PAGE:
LGBTQ women have less access to care after cancer treatment compared with heterosexual women, according to a study released earlier this summerfrom the Boston University School of Public Health. But this disparity in care stretches beyond cancer treatment and beyond those identifying as female. Sean Cahill is the director of Health Policy Research at Boston's Fenway Health Institute. He spoke with WGBH Radio’s Mary Blake about why there’s a disparity in the access to health care for LGBTQ people. This transcript has been edited for clarity.
Mary Blake: What percentage of the LGBTQ community is being treated at Fenway Health Institute?
Sean Cahill: So we know from the 2016 Behavioral Risk Factor Surveillance System survey, which our state health department does, that 7.2 percent of the adult population in Massachusetts identifies as LGBT. So we're talking about roughly 7 percent of the population. We at Fenway Health serve about 35,000 patients, and about half are LGBT. About 3,000 are transgender, and maybe 1,000 are gender non-binary.
Blake: The BU School of Public Health report focused on care after cancer treatment. But I would imagine that there is a disparity in care in other diseases?
Cahill: Yes. This is a broader issue that we see with the LGBT community. Members of our community do experience disparities in access to routine preventive care and to emergency care. And this is especially true of lesbian and bisexual women, and transgender people in the community. Lesbian and bisexual women are less likely to get certain kinds of preventive screenings, like pap tests and mammograms. They get diagnosed later and they end up having poorer treatment outcomes.
Blake: The BU study is defining access to care as both fundamental access, like lacking insurance or money to afford co-pays, but also emotional access — stigma and discrimination in the health care system. Are you hearing this directly from patients?
Cahill: Oh, definitely. We hear a lot from patients, and we also see survey data that indicate that LGBT people experience discrimination in health care settings. They experience stigma, sometimes they feel that they're being blamed for the health condition that they have. This can be a barrier to accessing care. In Massachusetts, about 95 percent of LGBT people have health insurance. That's about the same as the rest of the population. So having insurance is necessary, but not necessarily sufficient to have access to care. So another element is, Can you get culturally competent affirming care? So, do you have a provider who treats you with respect, who asks you about the family supports that you have, who doesn't assume that you're heterosexual, doesn't assume that your cisgender — the vast majority of us are cis-gender and a small minority of us are transgender — and who can provide care that is relevant to you as a lesbian or bisexual woman or as a transgender person.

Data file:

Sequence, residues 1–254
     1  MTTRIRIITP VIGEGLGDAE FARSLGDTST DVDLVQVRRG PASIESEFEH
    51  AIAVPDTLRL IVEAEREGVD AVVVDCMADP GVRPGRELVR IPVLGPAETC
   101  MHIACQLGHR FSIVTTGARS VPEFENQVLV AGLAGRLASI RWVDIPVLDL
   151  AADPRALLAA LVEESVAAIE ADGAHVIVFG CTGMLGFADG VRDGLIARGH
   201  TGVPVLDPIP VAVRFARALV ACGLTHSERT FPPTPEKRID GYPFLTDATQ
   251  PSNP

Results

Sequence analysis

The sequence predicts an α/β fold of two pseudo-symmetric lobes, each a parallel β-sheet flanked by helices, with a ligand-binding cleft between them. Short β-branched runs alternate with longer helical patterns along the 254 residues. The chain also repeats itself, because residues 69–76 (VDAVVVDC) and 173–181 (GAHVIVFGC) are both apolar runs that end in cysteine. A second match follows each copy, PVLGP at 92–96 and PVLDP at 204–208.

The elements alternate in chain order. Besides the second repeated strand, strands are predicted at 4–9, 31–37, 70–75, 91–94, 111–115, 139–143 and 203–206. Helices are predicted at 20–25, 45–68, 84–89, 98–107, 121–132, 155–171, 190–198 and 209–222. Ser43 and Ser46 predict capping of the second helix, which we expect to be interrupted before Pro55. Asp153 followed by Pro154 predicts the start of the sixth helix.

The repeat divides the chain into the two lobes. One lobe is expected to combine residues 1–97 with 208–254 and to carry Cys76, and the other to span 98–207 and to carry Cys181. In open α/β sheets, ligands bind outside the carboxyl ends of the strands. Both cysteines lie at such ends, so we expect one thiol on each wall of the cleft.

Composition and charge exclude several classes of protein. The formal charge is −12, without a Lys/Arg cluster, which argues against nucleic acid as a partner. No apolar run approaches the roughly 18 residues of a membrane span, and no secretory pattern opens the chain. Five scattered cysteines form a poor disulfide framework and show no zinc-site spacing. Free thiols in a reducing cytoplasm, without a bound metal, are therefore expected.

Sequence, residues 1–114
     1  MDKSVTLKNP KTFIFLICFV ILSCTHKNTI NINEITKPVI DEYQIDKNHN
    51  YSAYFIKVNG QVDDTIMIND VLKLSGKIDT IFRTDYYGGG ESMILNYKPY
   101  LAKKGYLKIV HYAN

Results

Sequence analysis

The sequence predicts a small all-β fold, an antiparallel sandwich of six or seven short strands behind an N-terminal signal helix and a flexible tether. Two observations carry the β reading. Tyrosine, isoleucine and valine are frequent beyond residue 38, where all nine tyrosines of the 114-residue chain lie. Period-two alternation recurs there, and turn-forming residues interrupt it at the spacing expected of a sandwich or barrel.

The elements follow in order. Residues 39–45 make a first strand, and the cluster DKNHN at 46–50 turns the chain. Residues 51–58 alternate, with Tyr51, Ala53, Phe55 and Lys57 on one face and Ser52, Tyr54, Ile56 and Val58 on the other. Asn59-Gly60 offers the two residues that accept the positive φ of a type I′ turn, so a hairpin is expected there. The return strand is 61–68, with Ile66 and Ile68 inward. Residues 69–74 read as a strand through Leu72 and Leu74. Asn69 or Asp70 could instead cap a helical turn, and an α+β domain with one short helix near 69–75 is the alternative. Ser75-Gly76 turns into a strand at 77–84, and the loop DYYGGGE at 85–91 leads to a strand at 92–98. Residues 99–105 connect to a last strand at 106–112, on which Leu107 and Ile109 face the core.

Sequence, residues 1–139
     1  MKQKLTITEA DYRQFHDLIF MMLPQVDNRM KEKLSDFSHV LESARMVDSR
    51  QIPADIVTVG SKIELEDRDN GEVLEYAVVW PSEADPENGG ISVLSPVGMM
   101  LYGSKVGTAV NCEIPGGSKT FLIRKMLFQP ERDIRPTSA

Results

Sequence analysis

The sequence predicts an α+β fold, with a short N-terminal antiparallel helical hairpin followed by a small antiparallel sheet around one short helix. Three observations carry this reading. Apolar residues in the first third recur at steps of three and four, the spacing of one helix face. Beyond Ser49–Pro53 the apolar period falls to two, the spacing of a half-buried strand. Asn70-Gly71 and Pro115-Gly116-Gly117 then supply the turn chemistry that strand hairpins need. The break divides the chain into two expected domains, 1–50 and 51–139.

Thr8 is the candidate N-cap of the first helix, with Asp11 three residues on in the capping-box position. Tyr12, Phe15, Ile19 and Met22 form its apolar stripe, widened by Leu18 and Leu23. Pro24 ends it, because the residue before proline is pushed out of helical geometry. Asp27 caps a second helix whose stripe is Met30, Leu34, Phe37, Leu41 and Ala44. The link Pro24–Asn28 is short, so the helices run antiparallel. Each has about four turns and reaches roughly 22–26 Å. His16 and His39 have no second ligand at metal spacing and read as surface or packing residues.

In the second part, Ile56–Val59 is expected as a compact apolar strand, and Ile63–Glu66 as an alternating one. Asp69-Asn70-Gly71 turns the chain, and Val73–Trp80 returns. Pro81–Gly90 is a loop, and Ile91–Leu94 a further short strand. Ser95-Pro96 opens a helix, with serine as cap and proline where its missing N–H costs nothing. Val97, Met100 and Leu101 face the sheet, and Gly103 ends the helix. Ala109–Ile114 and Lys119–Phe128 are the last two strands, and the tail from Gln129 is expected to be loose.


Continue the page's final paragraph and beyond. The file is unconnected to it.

Blake: What can physicians do?
Cahill: Physicians can be affirming. They can ask open-ended questions. They can be humble and not assume things about the people that they're treating. A very important thing that we encourage health care providers to do is to ask their patients about their sexual orientation and gender identity so that we are able to collect a much better data set, because clinical data is actually in many ways more robust than survey data in terms of health outcomes and treatments that people are getting and so on. That can be affirming to the patient, to know that the provider is sophisticated enough to understand that not everybody is cisgender, not everybody's heterosexual.
It can also inform what's called “decision support,” where you offer certain preventive screenings to your patient based on this knowledge. So if you're treating a transgender woman, transgender women have prostate glands, and they should be screened for prostate cancer the same way that I'm screened for prostate cancer. And so even just understanding what the preventive screening needs are for a transgender patient requires you to know that that patient was born a sex which is different from the gender that they identify as now.
I would just say also that we work a lot with health centers around the country and train them in how to provide affirming care and culturally competent care. And it's really important to train all clinical staff so that they can be affirming of patients when they walk in the door. Like, a lot of transgender people use a name that's different from their birth name or given name. They may not have legally changed that. But if you use the nickname field in the electronic health record, you could do that for all patients, because there are other patients who use their middle name or who use a nickname, who don't like the name that they were given but they haven't legally changed it. So that can be affirming for patients beyond LGBT patients. Even something as simple as putting a rainbow flag in the window or on the door, or having posters that show same-sex couples together or that send a message that you're welcoming to LGBT people. That can go a long way toward having people feel comfortable and safe in a health care practice.